I'm using GNU Mailman with Postfix to run a mailing list, and would like to monitor the delivery of outgoing mail, that is: for each mail sent from the list, check whether a 250 (OK) message was answered, and if not, report back to me.

For now, I'm doing a quick-and-dirty:

# cat /var/log/syslog | grep "smtp.*to=.*" | grep -v 250

Is there a clean way to monitor smtpd's output?

  • 1
    Surely this must be a useless use of cat? At the very least you can do grep "smtp.*to=.*" /var/log/syslog | grep -v 250 – a CVn Jan 21 '14 at 13:36
  • Personally I find that crusade a bit pedantic in most contexts and prefer the OP's more readable, modular format – jchook Nov 2 '19 at 20:18

There is no way to monitor the sent mails in a clean way. You can only grep the details from the maillog of postfix.

Here is an example:

log='logfile of postfix'
grep "status=sent" $log | \
egrep -ve 'postfix/(cleanup|pickup|master|qmgr|smtpd|local|pipe)'

And also avoid the logs for dkim etc. If you need the count of mails then pipe on wc -l at the end.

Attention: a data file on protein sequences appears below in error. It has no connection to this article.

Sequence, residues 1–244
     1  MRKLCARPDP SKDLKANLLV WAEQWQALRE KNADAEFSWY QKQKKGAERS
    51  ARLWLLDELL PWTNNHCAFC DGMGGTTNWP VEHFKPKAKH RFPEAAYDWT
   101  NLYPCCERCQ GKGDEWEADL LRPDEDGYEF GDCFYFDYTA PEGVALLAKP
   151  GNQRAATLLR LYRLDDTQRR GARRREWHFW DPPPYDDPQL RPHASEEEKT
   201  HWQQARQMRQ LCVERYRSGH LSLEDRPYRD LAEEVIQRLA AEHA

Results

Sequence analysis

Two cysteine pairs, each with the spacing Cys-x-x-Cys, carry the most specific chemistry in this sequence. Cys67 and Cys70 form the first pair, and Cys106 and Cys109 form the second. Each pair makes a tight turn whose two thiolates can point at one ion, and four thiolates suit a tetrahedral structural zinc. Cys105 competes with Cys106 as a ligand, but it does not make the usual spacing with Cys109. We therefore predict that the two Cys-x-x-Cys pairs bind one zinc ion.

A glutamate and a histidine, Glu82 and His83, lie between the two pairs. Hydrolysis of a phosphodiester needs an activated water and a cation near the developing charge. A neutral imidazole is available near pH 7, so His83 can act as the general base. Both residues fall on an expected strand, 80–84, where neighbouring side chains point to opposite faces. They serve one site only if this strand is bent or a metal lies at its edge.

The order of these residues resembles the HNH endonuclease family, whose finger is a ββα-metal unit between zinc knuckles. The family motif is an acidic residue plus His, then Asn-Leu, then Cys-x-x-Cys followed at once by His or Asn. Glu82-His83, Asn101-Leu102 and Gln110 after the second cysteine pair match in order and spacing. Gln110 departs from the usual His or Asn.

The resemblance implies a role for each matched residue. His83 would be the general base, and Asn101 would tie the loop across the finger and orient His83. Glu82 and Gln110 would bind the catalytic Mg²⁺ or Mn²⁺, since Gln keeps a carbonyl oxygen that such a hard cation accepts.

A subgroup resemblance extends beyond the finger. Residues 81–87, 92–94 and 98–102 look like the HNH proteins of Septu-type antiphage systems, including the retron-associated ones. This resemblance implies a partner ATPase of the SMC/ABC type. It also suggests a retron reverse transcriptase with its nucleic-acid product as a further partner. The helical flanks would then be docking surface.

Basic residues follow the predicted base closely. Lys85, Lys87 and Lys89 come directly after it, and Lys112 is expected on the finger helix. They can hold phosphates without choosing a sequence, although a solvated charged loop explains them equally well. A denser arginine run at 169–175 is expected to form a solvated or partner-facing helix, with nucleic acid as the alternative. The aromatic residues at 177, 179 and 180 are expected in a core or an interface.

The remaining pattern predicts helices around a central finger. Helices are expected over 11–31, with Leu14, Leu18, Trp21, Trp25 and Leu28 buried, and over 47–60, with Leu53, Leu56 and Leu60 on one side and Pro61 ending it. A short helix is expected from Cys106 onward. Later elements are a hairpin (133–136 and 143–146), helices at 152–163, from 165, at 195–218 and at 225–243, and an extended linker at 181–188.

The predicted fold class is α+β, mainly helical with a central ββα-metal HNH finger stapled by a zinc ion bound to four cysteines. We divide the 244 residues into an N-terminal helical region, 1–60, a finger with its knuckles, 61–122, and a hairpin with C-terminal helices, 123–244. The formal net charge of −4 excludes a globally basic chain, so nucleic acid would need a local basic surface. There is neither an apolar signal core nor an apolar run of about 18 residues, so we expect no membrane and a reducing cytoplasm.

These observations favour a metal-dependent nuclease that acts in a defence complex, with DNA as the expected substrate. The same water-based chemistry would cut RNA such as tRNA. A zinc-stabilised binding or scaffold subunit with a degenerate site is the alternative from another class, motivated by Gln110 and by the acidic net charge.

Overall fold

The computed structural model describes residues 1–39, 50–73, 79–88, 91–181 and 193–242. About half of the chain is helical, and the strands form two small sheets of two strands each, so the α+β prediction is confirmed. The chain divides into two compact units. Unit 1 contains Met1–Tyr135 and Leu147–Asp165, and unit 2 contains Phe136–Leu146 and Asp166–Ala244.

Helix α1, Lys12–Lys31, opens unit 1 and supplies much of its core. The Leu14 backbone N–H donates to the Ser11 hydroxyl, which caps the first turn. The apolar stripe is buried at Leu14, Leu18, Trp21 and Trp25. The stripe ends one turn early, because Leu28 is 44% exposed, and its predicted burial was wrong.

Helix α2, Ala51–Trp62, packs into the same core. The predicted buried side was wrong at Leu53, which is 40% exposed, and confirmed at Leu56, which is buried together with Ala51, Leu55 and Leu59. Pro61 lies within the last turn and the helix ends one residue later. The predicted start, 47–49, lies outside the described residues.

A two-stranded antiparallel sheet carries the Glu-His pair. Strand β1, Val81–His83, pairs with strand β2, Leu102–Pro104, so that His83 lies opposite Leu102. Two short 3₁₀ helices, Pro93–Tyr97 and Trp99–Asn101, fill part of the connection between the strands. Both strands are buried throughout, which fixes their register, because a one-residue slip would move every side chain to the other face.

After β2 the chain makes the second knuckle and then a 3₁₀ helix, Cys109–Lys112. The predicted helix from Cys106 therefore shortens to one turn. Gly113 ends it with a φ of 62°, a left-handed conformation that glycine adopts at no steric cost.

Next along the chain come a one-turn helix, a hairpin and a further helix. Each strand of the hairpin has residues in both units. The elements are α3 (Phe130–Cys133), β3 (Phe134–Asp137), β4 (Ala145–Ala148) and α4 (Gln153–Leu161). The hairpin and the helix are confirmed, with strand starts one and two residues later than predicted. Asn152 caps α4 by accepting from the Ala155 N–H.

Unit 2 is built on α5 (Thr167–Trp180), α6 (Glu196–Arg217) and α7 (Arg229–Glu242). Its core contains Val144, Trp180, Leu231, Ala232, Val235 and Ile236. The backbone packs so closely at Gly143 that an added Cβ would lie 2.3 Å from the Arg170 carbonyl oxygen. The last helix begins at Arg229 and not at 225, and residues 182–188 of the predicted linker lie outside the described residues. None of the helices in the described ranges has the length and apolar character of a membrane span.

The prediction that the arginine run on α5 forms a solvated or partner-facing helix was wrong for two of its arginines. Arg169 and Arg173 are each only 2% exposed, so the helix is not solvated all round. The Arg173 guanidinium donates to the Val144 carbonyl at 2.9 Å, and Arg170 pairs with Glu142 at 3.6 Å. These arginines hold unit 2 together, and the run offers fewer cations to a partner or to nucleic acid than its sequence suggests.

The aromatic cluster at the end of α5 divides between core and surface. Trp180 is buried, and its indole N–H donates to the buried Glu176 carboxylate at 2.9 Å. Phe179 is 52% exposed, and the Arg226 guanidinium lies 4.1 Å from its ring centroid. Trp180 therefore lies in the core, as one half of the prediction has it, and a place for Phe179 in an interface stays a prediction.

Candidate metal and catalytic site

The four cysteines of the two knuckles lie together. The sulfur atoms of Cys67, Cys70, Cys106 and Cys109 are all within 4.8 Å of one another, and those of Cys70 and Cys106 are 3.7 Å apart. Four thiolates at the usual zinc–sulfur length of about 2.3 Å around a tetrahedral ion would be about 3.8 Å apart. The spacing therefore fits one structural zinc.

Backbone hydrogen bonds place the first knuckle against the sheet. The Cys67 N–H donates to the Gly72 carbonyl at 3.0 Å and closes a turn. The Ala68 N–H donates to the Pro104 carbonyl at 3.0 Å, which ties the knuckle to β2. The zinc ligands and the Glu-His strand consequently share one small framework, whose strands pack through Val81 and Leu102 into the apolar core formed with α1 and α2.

| improve this answer | |

How about:

multitail -eX "smtp.*to=<(.*)>.*sent.*250" './bin/received' -f /var/log/maillog

./bin/received is a shell script that gets the destination email address as a parameter and does something with it.

| improve this answer | |

try this

cat /var/log/maillog |grep -v "relay=local" |grep "relay=" |grep "status=sent"

you will find very helpful info here http://en.redinskala.com/postfix-maillog-interpretation/

| improve this answer | |
  • Why are you using smart quotes? They won't work. – DavidPostill Oct 19 '16 at 16:53

I am watching who sends email through my server with this:

tail -f /var/log/mail.log | grep 'sasl'

It shows who the authenticated user is who's sending.

| improve this answer | |

Your Answer

By clicking “Post Your Answer”, you agree to our terms of service, privacy policy and cookie policy

Not the answer you're looking for? Browse other questions tagged or ask your own question.